On the limestone hills of counties Clare and Galway, this beautiful slender perennial produces an erect spike of dark, slightly downward-looking red flowers. During July and August, it can be found flowering in grykes and clefts in the stony pavement. Each little flower (8-12mm across) has a lip which is smaller than its upper petals and also has a vanilla scent which attracts small pollinating insects. The leaves are broad, oval and tinged red-purple with softly hairy stems and they are arranged in two rows. This is a short plant only reaching about 30cm high. It is a native wildflower which belongs to the family Orchidaceae.
I first identified this flower in 1990 in the Burren, Co Clare and I photographed it on that occasion.
If you are satisfied you have correctly identified this plant, please submit your sighting to the National Biodiversity Data Centre
To learn more about our Irish orchids, I would heartily recommend a really superb book on the subject which is published by the Collins Press and entitled 'Ireland's Wild Orchids - a field guide'.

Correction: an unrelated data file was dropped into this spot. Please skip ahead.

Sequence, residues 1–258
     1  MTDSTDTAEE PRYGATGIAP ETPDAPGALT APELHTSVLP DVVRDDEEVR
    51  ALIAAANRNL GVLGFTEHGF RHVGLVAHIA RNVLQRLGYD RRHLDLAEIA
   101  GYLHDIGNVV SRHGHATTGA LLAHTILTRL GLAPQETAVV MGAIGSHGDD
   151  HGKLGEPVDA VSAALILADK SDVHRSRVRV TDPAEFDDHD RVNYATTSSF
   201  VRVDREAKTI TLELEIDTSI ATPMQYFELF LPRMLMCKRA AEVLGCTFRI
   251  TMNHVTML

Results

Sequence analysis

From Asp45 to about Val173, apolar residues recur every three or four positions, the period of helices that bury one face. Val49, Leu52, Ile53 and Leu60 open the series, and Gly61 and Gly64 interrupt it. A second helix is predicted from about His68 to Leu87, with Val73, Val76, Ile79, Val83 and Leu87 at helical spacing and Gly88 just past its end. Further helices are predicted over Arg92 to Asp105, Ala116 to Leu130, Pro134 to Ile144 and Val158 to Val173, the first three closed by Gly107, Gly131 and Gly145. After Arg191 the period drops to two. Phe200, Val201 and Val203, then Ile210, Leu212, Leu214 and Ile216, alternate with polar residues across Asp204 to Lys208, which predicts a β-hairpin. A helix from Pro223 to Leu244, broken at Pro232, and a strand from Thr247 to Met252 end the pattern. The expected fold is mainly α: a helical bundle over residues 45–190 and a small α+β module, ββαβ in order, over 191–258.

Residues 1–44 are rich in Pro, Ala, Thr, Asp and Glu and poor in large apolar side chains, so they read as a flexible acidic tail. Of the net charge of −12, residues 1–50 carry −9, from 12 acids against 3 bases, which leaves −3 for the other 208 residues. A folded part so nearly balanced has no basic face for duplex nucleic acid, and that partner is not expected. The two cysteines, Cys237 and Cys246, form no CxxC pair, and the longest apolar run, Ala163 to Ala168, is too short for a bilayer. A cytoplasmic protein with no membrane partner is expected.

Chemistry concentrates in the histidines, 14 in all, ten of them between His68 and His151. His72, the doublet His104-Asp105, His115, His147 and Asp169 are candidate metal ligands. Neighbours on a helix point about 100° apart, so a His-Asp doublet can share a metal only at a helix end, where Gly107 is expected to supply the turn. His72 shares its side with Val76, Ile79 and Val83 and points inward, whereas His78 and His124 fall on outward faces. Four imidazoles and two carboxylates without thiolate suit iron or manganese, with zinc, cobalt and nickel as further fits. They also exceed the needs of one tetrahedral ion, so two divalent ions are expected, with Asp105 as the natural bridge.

Each of our native orchids is beautifully illustrated by the gifted botanical artist, Susan Sex and is an exquisite representation of an amazing plant; Susan's illustrations are complemented by carefully-chosen words from our National Botanic Gardens orchid specialist, Brendan Sayers. Susan's illustrations of key features of our native orchids are extremely useful when trying to identify a species and Brendan's descriptions help to broaden one's understanding of this complex and intriguing subject, and lead one nearer to making a possible identification. He also contributes information on the conservation of these magnificent little plants and gives details of where they might be found. Please seek out this masterpiece from your usual bookseller or find it on Gill Books - Nature - Ireland's Wild Orchids